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Barrio Xaltocan, Xochimilco

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Nuestra_Señora_de_los_Dolores
Photo: JcQuinza on Wikimedia Commons

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The Barrio Xaltocan is one of the most important of the Barrios Originarios in the center of Xochimilco. This is because of the importance placed in the church, Nuestra Señora de los Dolores. It’s been the focus of the pilgrimages by all of the other original neighborhoods and towns of Xochimilco for centuries.

The original name, “Xaltozan” comes from the Nahuatl meaning “place of gophers and sand.” The entire population of settlement named for an earlier hermitage, Candelaria de Xaltozan, actually died during a 1576 outbreak of “cocoliztli,” a viral hemorrhagic fever. Either this hermitage, or one dedicated to the Sweet Name of Jesus, came to be the Sanctuary of Our Lady of Sorrows, as she is commonly called in English.  The official name, the “Sanctuary of Our Lady of Dolores of Xaltocán,” was granted to the church by the Archbishop of Tulancingo only in 1951.

The Legend of Nuestra Señora de los Dolores

As the seat of the Sanctuary of the Virgen de los Dolores, the church is the only one with a Latin cross plan in Xochimilco. The legend of the Church begins with one, María Juana Xochpan. She lived in an inn on the old Xaltocan farm. She’d inherited it and the ranch when the landowner had died. She also possessed a  sculpture of the Virgen de los Dolores. This had been carved by the indigenous artisans at the Monastery of San Bernardino de Siena. According to the legend, she placed the sculpture on top of a basket to prevent the escape of a turkey that had been donated with flowers to the chapel of the inn.

Upon returning, it is said that her home, the inn, had been transformed into a church. Upon the altar, Virgin was completely renewed and standing out.

There is no telling if the basket over the turkey is meant to be that on which the Virgin sits today. But, the Nahuatl word for a small basket, “chiquihuite,” is still heard in the name of the townspeople; “los chiquihuiteros.” This is in reference to the statue of the Virgin in the church who sits on a small basket.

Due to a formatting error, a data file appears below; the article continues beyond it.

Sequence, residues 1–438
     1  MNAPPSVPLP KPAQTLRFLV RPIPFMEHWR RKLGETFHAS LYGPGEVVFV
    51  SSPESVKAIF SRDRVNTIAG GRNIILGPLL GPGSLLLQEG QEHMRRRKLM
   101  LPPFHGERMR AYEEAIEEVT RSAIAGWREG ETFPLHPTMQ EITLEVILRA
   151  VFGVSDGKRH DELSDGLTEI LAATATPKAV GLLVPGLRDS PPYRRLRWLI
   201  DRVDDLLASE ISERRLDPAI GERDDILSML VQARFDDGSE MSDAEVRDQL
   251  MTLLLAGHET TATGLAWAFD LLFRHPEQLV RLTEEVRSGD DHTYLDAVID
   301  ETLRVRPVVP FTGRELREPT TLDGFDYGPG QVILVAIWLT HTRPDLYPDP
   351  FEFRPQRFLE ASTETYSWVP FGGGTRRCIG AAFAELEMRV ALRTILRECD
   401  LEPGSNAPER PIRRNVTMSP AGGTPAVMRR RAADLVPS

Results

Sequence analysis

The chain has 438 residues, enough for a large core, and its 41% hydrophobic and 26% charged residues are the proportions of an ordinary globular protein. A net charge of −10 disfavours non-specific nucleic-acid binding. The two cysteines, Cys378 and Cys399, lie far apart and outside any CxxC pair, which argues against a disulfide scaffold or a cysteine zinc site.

This is a 17th century sculpture that had belonged to the town of San Andrés. There also two important sculptures of the Immaculate Conception, one of them originally from the town of San Salvador. The sacristy bears an 18th-century votive, which is a very good quality oil painting.

The Barrio Xaltocan festivities begin two Sundays prior to Ash Wednesday. These are famous for lasting the entire week. Nearly all of the Towns and Barrios of Xochimilco carry out organized pilgrimages to the Xaltocan Sanctuary. The most famous include “huehuenches,” men disguised as women, monsters, and sometimes popular characters and cardboard figures. The processions include musical bands, fireworks, and images of saints from the home churches.

For Visitors Today

Most international visitors today will encounter the Barrio Xaltocan en route from the center of Xochimilco to the Nativitas Forest. The walk from the church to the forest is about eight minutes. The boat launches are just beyond the forest. But the church, on the western edge of the neighborhood, also faces the giant sporting complex, the Centro Deportivo Xochimilco which is bordered by its own plant, flower and produce markets.  The Xaltocan Lagoon is on the neighborhood’s northside.

Location
Camino a Nativitas 380, Xaltocan, Xochimilco, 16300 CDMX